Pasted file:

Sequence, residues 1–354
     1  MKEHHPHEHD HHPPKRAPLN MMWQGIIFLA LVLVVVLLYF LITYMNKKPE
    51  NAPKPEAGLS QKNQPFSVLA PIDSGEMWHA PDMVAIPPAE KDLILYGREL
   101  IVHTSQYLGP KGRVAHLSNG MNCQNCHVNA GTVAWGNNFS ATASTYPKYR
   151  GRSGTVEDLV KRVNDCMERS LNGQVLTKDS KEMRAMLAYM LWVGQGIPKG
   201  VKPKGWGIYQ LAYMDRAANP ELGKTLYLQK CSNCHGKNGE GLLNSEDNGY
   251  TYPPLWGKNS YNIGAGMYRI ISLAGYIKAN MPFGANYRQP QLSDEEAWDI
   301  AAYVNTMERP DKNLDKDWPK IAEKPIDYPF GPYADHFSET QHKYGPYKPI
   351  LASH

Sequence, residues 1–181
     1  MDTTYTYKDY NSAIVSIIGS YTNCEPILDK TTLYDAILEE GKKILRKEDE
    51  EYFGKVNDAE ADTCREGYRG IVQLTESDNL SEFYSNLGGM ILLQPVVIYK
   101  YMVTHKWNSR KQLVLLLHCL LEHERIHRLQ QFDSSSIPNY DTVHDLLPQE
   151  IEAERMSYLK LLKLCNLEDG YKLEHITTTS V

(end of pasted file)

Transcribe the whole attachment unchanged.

Sequence, residues 1–354
     1  MKEHHPHEHD HHPPKRAPLN MMWQGIIFLA LVLVVVLLYF LITYMNKKPE
    51  NAPKPEAGLS QKNQPFSVLA PIDSGEMWHA PDMVAIPPAE KDLILYGREL
   101  IVHTSQYLGP KGRVAHLSNG MNCQNCHVNA GTVAWGNNFS ATASTYPKYR
   151  GRSGTVEDLV KRVNDCMERS LNGQVLTKDS KEMRAMLAYM LWVGQGIPKG
   201  VKPKGWGIYQ LAYMDRAANP ELGKTLYLQK CSNCHGKNGE GLLNSEDNGY
   251  TYPPLWGKNS YNIGAGMYRI ISLAGYIKAN MPFGANYRQP QLSDEEAWDI
   301  AAYVNTMERP DKNLDKDWPK IAEKPIDYPF GPYADHFSET QHKYGPYKPI
   351  LASH

Sequence, residues 1–181
     1  MDTTYTYKDY NSAIVSIIGS YTNCEPILDK TTLYDAILEE GKKILRKEDE
    51  EYFGKVNDAE ADTCREGYRG IVQLTESDNL SEFYSNLGGM ILLQPVVIYK
   101  YMVTHKWNSR KQLVLLLHCL LEHERIHRLQ QFDSSSIPNY DTVHDLLPQE
   151  IEAERMSYLK LLKLCNLEDG YKLEHITTTS V